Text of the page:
Class of 2016
Green was one of Trinity’s best.
If there was a sport you could play at Trinity High School in the early 1960s, Joe Green was part of the team. Green was four-sport athlete at the former Limestone County all-black high school when the athletics program was at its peak.
“Joe was a great, great player and must be included in any discussion about great athletes at Trinity,” said Robert Malone, who went to Trinity High School the same time as Green.
After starting out as a basketball player, it wasn’t long before Green joined in on the other sports at Trinity. ”I was a basketball player and they didn’t want me to play football,” joked Green. “My coach said, “you won’t play football. It’s too tough for you. So then, I knew I had to play.”
According James. L. Walker, in his Feb. 2016 News Courier article, “The quarterback in the cotton field”, Green was “Blessed with great hands and deceptive speed. Green, at 6 feet 3 inches, gave shorter cornerbacks nightmares from his wide receiver position.” And Green was just as effective when he moved to quarterback, according to Walker.
“Consistently beating cornerbacks with rifle passes, which he would stick between two defenders, or soft floaters lofted high over their heads into the waiting arms of a speeding receiver.” But as good as he was at football, basketball might have been Green’s best sport.
“I played ball all over the world, against great athletes,” said Malone. “And Joe was one of the best all-around athletes I have ever seen. Also,
he was such an inspirational figure for all of us young athletes at Trinity who followed him.”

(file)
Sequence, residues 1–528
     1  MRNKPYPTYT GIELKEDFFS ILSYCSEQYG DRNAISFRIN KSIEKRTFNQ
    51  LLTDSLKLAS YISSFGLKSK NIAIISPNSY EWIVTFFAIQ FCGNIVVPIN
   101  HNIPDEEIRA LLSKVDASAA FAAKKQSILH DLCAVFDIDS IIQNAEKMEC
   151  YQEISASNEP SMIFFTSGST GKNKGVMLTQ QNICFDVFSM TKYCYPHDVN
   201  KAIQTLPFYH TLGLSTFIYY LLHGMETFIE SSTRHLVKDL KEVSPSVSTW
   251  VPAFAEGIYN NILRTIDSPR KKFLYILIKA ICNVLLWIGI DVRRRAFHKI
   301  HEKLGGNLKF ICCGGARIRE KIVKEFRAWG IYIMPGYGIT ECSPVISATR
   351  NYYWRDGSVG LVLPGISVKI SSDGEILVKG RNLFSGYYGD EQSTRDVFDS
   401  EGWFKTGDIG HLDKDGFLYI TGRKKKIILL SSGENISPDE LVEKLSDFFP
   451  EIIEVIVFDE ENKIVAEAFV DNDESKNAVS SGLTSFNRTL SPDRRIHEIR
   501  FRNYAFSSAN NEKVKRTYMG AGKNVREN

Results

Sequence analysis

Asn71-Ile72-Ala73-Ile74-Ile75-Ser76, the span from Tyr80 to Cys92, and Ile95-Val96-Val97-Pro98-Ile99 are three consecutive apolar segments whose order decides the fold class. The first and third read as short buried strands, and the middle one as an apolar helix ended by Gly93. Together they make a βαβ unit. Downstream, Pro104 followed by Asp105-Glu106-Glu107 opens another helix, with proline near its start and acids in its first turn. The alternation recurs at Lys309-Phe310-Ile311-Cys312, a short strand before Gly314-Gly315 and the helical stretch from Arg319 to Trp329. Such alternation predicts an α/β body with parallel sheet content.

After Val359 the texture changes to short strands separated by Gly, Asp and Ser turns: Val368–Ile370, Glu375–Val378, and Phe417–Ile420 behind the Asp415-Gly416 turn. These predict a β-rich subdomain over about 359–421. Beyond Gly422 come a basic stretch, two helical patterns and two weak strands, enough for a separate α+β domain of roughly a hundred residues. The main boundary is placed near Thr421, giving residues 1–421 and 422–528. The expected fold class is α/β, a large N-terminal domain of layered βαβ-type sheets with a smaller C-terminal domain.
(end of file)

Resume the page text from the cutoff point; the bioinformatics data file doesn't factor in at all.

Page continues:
Although schools were not integrated until the late 1960s, blacks and whites were playing against one another outside the classroom on a regular basis around Trinity High School.
“We wanted to play them at school, but they wouldn’t allow us to play them,” said Green. “We both thought we had the best teams in the area. I always lived on the farm and played ball with other white guys. We just couldn’t play them in school.”
Green played basketball as a freshman and by the end of his sophomore season, he was the leading scorer on the team that advanced all the way to district championship.
“Joe was always reluctant to shoot and we had to constantly tell him to shoot and when he did he usually made it,” said his older brother, Johnny.
By his season, Green averaged more than 30 points per game and led the team in rebounding his junior and senior seasons.
Although Green has called Louisville home for most of this life, the Limestone native still has family around Athens. “It’s always nice to go back. I usually try to go back and see a couple of games when I go back,” said Green. “I’ve
got grandkids that play. I talked to them about how I played, and then seeing the stories in the paper, they are amazed.”